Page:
Under the command of the Marquis de Bussy-Castelnau , Dupleix's army successfully controlled the area between Hyderabad and Cape Comorin. After a defeat and failed peace talks, Dupleix was summarily dismissed and recalled to France in In spite of a treaty between the British and French agreeing not to interfere in regional Indian affairs, their colonial intrigues continued.
The French expanded their influence at the court of the Nawab of Bengal and increased their trading activity in Bengal. This led to the Battle of Plassey in , where the British decisively defeated the Nawab and his French allies, resulting in the extension of British power over the entire province of Bengal. David in Cuddalore District to the ground in , but strategic mistakes by Lally led to the loss of the Hyderabad region, the Battle of Wandiwash , and the siege of Pondicherry in The French had lost their hold now in South India too.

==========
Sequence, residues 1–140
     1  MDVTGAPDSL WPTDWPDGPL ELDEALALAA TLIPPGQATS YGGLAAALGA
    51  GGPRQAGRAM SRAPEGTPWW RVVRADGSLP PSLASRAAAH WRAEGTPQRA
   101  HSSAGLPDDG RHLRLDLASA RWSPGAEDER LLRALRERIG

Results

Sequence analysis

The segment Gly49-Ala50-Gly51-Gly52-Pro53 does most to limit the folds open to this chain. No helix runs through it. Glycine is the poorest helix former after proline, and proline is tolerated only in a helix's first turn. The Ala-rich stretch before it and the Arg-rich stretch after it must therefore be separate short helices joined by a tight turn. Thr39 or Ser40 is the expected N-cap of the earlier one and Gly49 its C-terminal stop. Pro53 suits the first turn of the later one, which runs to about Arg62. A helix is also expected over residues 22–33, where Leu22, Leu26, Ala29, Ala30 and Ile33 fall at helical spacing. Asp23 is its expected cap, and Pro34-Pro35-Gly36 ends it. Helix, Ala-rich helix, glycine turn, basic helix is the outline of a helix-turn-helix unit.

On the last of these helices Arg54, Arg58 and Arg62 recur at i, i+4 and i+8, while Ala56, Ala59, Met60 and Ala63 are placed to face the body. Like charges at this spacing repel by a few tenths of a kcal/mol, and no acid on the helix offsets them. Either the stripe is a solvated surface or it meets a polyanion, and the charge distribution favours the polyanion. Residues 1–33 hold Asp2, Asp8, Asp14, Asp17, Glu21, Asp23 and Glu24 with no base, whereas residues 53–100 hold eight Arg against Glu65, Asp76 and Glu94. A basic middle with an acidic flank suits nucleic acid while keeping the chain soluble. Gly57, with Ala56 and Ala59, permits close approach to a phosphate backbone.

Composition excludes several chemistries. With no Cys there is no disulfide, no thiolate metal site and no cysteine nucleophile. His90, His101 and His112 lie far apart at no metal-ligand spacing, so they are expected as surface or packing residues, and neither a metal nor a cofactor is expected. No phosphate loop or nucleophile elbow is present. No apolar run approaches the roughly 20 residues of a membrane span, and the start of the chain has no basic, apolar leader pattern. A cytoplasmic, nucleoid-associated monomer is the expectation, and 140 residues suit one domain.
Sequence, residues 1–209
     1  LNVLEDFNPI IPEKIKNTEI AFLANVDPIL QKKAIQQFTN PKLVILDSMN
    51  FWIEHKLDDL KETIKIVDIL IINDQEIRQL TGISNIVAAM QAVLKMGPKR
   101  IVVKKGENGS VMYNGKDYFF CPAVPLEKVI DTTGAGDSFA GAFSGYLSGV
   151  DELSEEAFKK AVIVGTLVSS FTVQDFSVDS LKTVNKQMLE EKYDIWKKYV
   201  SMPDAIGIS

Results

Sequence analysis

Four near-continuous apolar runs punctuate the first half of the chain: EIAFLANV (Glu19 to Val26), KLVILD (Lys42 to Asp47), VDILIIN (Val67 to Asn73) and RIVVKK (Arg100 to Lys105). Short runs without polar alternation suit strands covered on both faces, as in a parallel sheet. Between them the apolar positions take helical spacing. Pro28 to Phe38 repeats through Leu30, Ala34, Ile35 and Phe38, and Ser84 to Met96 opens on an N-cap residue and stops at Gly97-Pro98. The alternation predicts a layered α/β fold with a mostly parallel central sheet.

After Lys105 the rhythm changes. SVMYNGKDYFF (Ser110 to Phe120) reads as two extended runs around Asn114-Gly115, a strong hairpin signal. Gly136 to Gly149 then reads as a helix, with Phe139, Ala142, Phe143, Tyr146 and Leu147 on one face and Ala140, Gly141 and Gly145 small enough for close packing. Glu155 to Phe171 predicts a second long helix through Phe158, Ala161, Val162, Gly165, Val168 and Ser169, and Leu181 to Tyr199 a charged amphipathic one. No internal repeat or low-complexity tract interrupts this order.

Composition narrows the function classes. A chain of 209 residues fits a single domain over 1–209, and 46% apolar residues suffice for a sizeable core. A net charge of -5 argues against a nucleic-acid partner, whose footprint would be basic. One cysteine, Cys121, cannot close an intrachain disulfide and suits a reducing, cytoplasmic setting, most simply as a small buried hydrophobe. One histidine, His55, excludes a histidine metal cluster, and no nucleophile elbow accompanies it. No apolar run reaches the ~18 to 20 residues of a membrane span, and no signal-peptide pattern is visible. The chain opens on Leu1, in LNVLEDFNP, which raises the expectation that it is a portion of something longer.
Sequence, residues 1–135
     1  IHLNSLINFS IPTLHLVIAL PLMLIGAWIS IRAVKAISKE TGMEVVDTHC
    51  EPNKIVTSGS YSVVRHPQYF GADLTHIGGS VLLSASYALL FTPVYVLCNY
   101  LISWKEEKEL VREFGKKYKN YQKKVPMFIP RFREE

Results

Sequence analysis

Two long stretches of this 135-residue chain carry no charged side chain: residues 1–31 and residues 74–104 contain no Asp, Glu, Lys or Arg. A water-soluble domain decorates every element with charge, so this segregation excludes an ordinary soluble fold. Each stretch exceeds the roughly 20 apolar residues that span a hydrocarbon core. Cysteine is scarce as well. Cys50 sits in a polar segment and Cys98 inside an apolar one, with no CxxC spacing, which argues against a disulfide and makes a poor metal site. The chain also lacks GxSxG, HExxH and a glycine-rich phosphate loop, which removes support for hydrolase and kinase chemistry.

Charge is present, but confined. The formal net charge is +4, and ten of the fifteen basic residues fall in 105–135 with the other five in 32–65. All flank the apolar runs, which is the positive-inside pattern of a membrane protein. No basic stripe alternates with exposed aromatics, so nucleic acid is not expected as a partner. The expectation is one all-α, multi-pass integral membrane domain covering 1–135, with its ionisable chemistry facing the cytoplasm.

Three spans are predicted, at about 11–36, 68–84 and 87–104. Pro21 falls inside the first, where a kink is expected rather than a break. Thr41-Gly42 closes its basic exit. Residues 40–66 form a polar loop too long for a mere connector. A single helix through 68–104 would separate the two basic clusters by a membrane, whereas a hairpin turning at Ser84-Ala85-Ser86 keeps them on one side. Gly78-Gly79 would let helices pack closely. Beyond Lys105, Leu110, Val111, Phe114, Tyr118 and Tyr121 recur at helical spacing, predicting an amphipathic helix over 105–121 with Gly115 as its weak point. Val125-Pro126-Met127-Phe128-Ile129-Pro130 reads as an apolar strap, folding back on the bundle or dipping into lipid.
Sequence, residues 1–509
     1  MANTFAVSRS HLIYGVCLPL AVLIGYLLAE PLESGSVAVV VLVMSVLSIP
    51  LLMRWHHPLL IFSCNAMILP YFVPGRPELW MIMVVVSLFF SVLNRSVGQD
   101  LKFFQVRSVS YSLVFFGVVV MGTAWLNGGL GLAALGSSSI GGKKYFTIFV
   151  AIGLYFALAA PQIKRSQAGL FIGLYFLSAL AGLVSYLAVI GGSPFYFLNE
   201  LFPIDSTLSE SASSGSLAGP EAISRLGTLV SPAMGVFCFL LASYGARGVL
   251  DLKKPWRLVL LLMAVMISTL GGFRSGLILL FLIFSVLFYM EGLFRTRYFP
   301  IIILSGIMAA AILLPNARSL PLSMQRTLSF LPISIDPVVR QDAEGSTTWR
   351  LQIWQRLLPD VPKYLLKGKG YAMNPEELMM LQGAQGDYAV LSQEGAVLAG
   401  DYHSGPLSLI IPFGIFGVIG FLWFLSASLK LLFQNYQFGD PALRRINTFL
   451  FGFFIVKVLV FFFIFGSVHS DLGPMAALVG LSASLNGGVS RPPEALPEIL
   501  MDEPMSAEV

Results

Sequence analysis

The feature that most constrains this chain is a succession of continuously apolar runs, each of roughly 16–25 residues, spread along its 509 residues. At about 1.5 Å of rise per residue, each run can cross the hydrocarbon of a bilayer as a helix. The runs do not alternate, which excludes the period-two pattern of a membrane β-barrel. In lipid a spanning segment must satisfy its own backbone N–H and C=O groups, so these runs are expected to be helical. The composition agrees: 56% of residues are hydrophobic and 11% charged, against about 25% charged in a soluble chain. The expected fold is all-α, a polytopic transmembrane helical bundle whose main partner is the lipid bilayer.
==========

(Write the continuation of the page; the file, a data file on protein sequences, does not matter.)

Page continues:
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Governor Jean Law de Lauriston set to rebuild the town on its former layout and after five months European and Tamil houses had been erected. In the French East India Company, unable to support itself financially, was abolished by the French Crown, which assumed administration of the French possessions in India.
Successive governors tried, with mixed results, to improve infrastructure, industry, law and education over the next years. The results of this measure were not very satisfactory, and the qualifications for and the classes of the franchise were modified. Agricultural production consisted of rice, peanuts, tobacco, betel nuts and vegetables. This clip will be relevant for teaching History. Jeremy Paxman explores how the British Empire affected migration around the World. Jeremy Paxman explores how the British Empire expanded rapidly in Africa in the late 19th century. Jeremy Paxman explores how in the Caribbean, the whole population played cricket but the black and white populations rarely played together.